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Inc v. Lau

United States District Court, D. Hawaii

March 16, 2018

ME2 Productions, Inc. Plaintiff,
v.
Kammy Lau et al., Defendants.

          FINDINGS AND RECOMMENDATION TO PARTIALLY GRANT PLAINTIFF'S THIRD MOTION FOR DEFAULT JUDGMENT AGAINST DEFENDANT KAMMY LAU

          Kevin S.C. Chang United States Magistrate Judge.

         Plaintiff ME2 PRODUCTIONS, INC's (hereafter: “Plaintiff”), Third Motion for Default Judgment Against Defendant KAMMY LAU (“Defendant”), filed herein on December 7, 2017, [Doc. #56], having come on for hearing before the Court, the Honorable Kevin S.C. Chang, Magistrate Judge presiding, with Kerry S. Culpepper appearing for Plaintiff and there being no appearance and no written submission by or on behalf of the Defendant, the Court, after full consideration of Plaintiff's motion and the entire record herein, RECOMMENDS that the motion be GRANTED in part.

         This is an action for permanent injunctive relief and damages against Defendant for copyright infringement in violation of the United States Copyright Act, 17 U.S.C. 101 §§ et. seq.

         This Court has subject matter jurisdiction over this action pursuant to 17 U.S.C. §§ 101, et. seq., 28 U.S.C. § 1331, and 28 U.S.C. § 1338. Venue is proper in this District pursuant to 28 U.S.C. § 1391(b) and (c) and 28 U.S.C. § 1400(a).

         Plaintiff is a Nevada corporation that owns the copyright for the motion picture Mechanic: Resurrection (hereafter: the “Work”) under registration number PA 1-998-057. [Doc. # 47, ¶¶ 6, 8 and 23, Doc. # 47-2].

         Plaintiff commenced this action by filing its Complaint on April 5, 2017 against 20 Doe individuals [Doc. # 1] after discovering that Defendant had illegally downloaded the Work using the BitTorrent protocol. [Id. ¶ ¶ 11-39].

         BitTorrent is an interactive “peer-to-peer” (“P2P”) file transfer technology protocol whereby users can: (a) make media files (including entire movies) stored on each user's computer available for copying by other users or peers; (b) search for files that are stored on other users' computers; and (c) transfer exact copies of those files from one computer to another via the Internet. [Id. ¶ ¶ 27-39].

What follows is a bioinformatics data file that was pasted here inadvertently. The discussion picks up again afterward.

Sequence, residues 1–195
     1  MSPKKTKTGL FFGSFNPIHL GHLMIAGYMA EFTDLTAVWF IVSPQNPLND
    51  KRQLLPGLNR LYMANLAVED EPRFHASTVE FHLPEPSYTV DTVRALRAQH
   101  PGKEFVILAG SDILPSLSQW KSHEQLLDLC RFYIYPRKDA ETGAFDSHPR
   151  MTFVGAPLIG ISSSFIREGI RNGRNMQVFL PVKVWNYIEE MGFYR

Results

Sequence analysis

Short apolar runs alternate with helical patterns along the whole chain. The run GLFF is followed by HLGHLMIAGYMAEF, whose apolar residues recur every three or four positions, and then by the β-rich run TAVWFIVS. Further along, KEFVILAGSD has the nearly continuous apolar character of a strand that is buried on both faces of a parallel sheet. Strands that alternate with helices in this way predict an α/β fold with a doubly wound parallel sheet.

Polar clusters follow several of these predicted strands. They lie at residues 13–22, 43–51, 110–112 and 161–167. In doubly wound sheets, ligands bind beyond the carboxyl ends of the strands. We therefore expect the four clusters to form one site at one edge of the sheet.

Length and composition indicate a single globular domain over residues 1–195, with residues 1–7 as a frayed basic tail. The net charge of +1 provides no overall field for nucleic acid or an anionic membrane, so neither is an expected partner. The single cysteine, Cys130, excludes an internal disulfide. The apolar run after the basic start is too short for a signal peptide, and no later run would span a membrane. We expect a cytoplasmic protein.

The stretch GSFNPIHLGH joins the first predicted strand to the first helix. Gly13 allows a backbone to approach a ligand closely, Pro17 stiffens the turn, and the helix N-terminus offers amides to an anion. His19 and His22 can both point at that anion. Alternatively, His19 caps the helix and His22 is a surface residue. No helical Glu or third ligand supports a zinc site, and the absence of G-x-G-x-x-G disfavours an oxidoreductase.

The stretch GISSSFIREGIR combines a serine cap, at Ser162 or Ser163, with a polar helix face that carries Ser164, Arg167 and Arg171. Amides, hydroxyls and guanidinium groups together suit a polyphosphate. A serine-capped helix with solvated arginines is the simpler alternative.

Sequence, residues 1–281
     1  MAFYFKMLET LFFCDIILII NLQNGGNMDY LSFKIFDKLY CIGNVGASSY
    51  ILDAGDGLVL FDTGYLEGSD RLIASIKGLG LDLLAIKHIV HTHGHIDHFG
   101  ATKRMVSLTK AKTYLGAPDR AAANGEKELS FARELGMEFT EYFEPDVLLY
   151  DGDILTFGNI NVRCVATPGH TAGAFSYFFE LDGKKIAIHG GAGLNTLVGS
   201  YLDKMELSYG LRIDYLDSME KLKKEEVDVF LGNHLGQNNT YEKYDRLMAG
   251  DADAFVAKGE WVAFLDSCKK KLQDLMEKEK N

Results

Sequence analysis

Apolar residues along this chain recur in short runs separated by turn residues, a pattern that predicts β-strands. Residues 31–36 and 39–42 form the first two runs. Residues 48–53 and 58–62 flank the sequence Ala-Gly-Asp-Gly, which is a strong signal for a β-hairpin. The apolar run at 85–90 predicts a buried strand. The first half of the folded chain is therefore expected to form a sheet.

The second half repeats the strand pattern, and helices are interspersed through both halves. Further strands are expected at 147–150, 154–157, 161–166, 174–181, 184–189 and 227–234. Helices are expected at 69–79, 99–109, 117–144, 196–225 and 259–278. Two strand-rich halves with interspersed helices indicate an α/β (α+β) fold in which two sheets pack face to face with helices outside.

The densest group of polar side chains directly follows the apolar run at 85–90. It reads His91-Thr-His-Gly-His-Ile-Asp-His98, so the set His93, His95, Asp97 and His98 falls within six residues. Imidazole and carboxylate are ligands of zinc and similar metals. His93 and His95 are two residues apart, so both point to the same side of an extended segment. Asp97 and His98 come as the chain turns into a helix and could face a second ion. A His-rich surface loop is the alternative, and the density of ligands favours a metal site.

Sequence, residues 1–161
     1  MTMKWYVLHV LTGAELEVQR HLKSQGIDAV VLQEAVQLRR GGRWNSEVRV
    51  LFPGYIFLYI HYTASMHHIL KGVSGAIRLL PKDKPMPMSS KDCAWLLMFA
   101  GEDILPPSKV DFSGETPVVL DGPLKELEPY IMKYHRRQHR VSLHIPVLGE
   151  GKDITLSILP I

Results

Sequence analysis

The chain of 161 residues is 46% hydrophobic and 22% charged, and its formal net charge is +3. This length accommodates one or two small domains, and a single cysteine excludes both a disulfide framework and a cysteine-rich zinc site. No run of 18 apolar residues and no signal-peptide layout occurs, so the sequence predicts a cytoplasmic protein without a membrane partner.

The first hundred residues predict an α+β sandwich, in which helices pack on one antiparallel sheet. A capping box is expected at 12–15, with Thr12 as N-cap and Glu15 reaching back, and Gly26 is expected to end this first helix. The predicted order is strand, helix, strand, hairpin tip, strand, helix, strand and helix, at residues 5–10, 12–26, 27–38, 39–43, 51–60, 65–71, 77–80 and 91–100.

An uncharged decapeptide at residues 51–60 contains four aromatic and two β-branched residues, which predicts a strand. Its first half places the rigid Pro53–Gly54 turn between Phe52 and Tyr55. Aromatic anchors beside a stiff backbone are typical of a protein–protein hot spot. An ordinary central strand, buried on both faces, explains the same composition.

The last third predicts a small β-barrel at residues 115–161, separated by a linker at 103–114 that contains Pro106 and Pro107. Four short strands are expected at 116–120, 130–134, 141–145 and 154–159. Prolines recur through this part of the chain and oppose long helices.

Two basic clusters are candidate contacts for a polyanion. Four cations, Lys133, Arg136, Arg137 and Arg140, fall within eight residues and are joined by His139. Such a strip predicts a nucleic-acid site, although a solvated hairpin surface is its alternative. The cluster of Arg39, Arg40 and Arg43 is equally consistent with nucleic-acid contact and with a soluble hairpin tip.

Thereafter, Plaintiff ascertained the true identities of the individuals who illegally downloaded and distributed the Work by subpoenaing Hawaiian Telcom, the Internet Service Provider of Defendant. [Doc. # 11].

         Plaintiff's Complaint was then amended to specifically identify the Defendant. [Doc. # 30]. Plaintiff effected service on Defendant with a summons on September 3, 2017, making her answer due on September 24, 2017. See Fed.R.Civ.P. 12(a)(1)(A). [Doc. #32].

         Defendant is the individual at IP address 72.234.113.150 who infringed the Plaintiff's copyrighted Work and seeded and distributed the work on 2016-11-23 00:42:01 (UTC).

         Using the BitTorrent client application “Popcorn Time”, Defendant illegally republished and distributed copies of the Plaintiff's copyrighted work through the use of the unique hash number to an unknown number of other individuals over the Internet. This contention is undisputed.

         When Defendant failed to appear, plead, or otherwise defend, Plaintiff filed a Rule 55(a) request for the entry of default on October 3, 2017 [Doc. # 37], which was promptly granted by the Court. [Docs. # 38, 39].

         On October 30, 2017, this Court granted Plaintiff's motion for leave to file a Second Amended Complaint to merely correct the spelling of Defendant's name. [Doc. #46].

         Plaintiff filed the Second Amended Complaint on October 30, 2017. [Doc. #47]. A copy of the second amended complaint was sent to Defendant's last known address on November 9, 2017 [Doc. #48] making her answer due on November 23, 2017. See Fed.R.Civ.P. 15(a)(3). [Doc. #53].

         When Defendant once again failed to appear, plead, or otherwise defend, Plaintiff filed a Rule 55(a) request for the entry of default on December 5, 2017 [Id.], which was promptly granted by the Court. [Doc. #54].

         The Complaint alleges claims for copyright infringements, in violation of the United States Copyright Act, 17 U.S.C. § 101 et. seq., for ...


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